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Cover Story

The Making of Azealia Banks

Azealia Banks / Photo by Jason Nocito

If Banks has a signature, it’s taking sounds that have traditionally existed outside of hip-hop — anxious, glitchy dance music from her friend and former DJ, Machinedrum; London rave-house from Drums of Death and Lone; glossy Paul Epworth–produced pop — and mating them with a long Harlem tradition of virtuoso, word-drunk alliteration. “Jumanji” sounds like something Banks’ fellow Harlemites the Diplomats might have put out in 2005; it’s partially produced by Hudson Mohawke, who also had a hand in making Kanye West’s “Mercy.” The hardheaded Yonkers rapper Styles P guests on “Nathan,” picking his way across a shrill Drums of Death beat. In 2012, Banks makes her collaborators bend to her.

Azealia Banks / Photo by Jason Nocito

“Just saying now, if somebody throws some shit onstage, I’m walking off,” she warns everyone in the van. “I didn’t come up in hip-hop. I don’t deal with that shit.” She talks nonstop on the Manhattan side of the tunnel but falls quiet when we emerge in New Jersey, MetLife Stadium rising before us.

To Banks’ left, one of her backup dancers applies makeup using a Mickey Mouse–shaped compact, adjusting the fake mustache glued to her upper lip, putting on lipstick, patting down her gelled-back hair. Banks’ other dancer is male; he’s also wearing a fake mustache, plus a black cowboy hat, black eye makeup, and a jacket that stops just short of his midriff. The seat of his tan pants is cut out. When we arrive at the stadium and it’s his turn to get patted down by VIP security, he pirouettes gracefully for a burly guard. The guard steps back, lifts his hands high in the air. The dancers pass through, untouched.

In addition to Rick Ross, Nicki Minaj is also booked to play Summer Jam. But from the same stage where Banks will perform any minute now, HOT 97 DJ Peter Rosenberg makes an impromptu address to the crowd: “I see the real hip-hop heads sprinkled in here. I see them. I know there are some chicks here waiting to sing ‘Starships’ later” — Minaj’s triple-platinum single — “I’m not talking to y’all right now. I’m here to talk about real hip-hop.” Minaj, unimpressed by Rosenberg’s “real” talk, leaves the event without performing.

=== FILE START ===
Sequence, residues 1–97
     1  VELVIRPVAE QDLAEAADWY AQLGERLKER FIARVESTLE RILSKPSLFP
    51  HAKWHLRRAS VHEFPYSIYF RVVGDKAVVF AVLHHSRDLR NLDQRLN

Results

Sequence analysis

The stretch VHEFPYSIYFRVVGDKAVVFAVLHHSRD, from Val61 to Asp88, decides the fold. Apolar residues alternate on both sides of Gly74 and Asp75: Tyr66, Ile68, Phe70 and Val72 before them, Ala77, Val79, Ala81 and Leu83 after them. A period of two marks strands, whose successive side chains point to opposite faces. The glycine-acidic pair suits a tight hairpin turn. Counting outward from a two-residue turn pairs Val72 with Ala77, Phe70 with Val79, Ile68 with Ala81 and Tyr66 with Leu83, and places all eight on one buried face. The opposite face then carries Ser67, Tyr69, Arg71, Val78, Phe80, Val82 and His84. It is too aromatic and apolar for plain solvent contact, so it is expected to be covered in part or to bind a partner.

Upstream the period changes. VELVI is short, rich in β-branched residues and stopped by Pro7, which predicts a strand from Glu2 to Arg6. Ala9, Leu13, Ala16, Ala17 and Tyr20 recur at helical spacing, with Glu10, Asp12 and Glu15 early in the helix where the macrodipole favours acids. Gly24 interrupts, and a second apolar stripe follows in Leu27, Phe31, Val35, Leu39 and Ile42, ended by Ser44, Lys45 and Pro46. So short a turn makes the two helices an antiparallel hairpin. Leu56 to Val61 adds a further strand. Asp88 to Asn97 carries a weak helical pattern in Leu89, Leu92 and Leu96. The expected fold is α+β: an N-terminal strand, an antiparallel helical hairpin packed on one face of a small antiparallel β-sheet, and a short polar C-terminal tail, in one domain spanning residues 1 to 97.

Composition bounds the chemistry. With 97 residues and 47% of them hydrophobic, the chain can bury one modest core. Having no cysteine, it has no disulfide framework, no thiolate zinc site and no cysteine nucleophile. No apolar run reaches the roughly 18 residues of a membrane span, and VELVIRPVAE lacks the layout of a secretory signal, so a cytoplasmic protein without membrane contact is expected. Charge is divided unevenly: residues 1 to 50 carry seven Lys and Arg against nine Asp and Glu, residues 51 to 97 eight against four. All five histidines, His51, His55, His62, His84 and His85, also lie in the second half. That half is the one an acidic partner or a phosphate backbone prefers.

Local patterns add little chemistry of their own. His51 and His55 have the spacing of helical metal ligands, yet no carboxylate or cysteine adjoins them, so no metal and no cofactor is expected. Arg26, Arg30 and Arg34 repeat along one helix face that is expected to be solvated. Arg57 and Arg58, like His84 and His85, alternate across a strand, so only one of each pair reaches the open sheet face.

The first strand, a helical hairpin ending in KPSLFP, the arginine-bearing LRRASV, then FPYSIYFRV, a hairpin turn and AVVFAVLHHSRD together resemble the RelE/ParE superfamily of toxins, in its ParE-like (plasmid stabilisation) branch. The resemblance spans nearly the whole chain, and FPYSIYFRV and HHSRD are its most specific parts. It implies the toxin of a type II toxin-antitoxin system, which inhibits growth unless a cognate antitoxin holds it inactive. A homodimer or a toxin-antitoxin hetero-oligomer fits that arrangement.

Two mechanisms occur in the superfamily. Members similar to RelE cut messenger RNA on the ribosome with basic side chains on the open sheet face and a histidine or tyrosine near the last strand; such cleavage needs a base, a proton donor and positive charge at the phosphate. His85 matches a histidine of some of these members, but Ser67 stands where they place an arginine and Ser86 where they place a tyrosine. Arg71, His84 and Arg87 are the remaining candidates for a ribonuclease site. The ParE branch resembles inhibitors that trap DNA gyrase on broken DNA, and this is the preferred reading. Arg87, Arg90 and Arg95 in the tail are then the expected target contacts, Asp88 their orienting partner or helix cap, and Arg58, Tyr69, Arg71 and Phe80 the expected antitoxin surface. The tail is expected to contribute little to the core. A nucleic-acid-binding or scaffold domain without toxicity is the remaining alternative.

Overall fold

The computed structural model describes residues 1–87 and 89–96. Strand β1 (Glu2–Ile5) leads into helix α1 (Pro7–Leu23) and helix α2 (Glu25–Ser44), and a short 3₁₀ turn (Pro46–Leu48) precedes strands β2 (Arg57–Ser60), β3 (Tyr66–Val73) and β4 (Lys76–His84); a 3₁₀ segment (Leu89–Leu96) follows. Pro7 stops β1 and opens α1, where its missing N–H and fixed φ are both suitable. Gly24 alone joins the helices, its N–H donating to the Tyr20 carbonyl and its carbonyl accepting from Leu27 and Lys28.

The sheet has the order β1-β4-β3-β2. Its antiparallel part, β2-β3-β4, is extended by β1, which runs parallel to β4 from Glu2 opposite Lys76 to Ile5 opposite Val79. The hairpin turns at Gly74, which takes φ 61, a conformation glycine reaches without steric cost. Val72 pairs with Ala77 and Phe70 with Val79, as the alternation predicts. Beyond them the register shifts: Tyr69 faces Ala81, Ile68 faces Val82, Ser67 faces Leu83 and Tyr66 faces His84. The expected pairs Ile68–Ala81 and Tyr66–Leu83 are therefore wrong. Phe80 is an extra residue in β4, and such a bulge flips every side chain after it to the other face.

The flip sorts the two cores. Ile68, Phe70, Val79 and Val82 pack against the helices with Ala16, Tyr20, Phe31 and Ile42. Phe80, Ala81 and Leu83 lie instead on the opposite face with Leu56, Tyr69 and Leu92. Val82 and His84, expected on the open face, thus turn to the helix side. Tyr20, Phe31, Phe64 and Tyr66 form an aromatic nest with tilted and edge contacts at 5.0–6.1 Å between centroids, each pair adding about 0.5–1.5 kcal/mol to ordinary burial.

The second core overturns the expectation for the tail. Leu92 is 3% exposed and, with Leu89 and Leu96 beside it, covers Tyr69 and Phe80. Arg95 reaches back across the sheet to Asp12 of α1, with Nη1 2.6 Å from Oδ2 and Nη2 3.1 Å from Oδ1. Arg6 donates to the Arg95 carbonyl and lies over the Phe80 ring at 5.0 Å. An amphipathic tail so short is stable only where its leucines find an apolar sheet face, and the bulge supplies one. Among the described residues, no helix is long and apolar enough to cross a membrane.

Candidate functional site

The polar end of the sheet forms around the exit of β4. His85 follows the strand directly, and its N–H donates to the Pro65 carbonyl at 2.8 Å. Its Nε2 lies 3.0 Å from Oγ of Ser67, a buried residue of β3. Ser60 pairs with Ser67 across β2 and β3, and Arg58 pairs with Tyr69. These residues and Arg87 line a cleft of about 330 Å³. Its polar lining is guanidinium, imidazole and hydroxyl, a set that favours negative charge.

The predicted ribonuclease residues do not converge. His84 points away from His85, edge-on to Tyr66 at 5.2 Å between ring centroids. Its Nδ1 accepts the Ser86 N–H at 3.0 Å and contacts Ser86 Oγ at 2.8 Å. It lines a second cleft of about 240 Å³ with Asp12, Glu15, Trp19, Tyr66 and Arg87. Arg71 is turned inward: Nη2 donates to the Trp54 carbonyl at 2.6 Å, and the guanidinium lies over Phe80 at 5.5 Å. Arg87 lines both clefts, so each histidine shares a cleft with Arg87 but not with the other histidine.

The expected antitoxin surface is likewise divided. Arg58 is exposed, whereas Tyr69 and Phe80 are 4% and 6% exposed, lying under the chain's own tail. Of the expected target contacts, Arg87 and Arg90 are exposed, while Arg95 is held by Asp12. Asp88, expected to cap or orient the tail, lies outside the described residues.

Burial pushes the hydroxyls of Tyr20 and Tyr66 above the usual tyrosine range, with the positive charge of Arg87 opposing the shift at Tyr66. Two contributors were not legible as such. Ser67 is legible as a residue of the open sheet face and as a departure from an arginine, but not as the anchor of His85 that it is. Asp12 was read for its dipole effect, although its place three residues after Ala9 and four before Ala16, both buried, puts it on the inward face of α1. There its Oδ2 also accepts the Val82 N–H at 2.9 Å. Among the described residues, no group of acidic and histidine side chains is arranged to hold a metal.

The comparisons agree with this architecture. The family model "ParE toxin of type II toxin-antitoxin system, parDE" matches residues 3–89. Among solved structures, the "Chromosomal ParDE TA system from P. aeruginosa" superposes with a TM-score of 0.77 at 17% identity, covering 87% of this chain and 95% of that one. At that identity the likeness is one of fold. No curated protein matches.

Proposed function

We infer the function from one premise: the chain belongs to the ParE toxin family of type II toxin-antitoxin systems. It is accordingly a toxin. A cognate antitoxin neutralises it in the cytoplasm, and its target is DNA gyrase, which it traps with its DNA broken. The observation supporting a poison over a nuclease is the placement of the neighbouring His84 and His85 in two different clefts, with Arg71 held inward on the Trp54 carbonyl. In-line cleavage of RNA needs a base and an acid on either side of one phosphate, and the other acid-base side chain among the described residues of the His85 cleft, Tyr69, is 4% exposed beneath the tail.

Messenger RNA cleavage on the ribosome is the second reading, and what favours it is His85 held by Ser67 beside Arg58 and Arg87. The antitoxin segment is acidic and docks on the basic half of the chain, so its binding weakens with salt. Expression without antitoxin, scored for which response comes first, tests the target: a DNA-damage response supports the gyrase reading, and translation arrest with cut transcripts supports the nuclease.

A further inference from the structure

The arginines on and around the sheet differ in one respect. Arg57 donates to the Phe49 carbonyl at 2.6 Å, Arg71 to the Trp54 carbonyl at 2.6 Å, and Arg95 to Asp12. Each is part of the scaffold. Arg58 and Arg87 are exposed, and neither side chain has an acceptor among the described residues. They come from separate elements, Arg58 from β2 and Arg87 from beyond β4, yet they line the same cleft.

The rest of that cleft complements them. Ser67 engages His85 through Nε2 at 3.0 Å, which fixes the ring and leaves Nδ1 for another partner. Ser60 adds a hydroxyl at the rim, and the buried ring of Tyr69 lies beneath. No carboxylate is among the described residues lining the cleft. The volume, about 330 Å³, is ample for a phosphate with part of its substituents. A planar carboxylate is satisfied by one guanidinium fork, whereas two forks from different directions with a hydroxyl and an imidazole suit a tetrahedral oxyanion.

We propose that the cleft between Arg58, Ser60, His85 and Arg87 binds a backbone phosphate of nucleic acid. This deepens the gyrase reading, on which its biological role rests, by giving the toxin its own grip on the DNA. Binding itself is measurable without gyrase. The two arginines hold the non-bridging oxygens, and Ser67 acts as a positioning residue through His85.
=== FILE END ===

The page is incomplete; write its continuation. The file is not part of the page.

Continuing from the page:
Banks does not leave, but her set is a low moment: The sound is poor, the audience mystified, the reception blank. She walks off the stage close to tears. Like Minaj, Banks is a skilled rapper who is uninterested in pandering to the traditional audience for skilled rappers. Both women — Banks resists the comparison, but it is inevitable — are attempting something bigger, or at least something different, something that on this particular day is going over very badly in the parking lot of a football stadium.

I feel like the rest of the music world has moved with the culture. The hip-hop world is moving, too, but it’s moving in parts. The core of it is still stuck, you know
—Azealia Banks

A few days later, Banks takes to her Tumblr to declare herself a “vocalist” and to disassociate herself from the “rap game.” “I feel like the rest of the music world has moved with the culture,” she’ll tell me in L.A. “The hip-hop world is moving, too, but it’s moving in parts. The core of it is still stuck, you know?”

The Mermaid Ball goes better. They know who Azealia Banks is. She arrives after 10 p.m., emerging from the van with starfish pasties over her otherwise bare breasts and matching barrettes in her hair, a shimmering green mermaid tail, clunky heels studded with seashells. Her sister has helped deck out the Bowery Ballroom in a fantasia of inflatable sea horses and aquamarine light. Cheers rise up when Banks enters through the venue’s side doors.

She disappears backstage, emerging a while later in a bright Wonder Woman costume: half red, half blue, the numbers 212 spelled out in glittery letters down her left arm. Skipping out onstage, she asks, “How many of y’all are fucking tonight?” Designer Alexander Wang, music exec Steve Stoute, Solange Knowles, a gang of journalists, fans, and dozens of adults dressed like mermaids fill the sold-out room.

She closes with “212.” Balloons drop from the ceiling. A confetti cannon sprays the crowd, which is just then voicing the song’s bridge back at her: “Ayo, I heard you’re riding with the same tall, tall tale / Telling them you made some / Saying you’re grindin’, but you ain’t goin’ nowhere / Why you procrastinate, girl? / You got a lot, but you just waste all yourself / They’ll forget your name soon / And won’t nobody be to blame but yourself, yeah.”

Later, in L.A., Banks will tell me that she wrote “212” in April of 2011, while living in a $1,200-a-month apartment on Dyckman Street, in the Inwood neighborhood, north of Harlem, where she couldn’t pay her rent. The person she is talking to in that bridge is herself. The name she was worried about people forgetting was her own.

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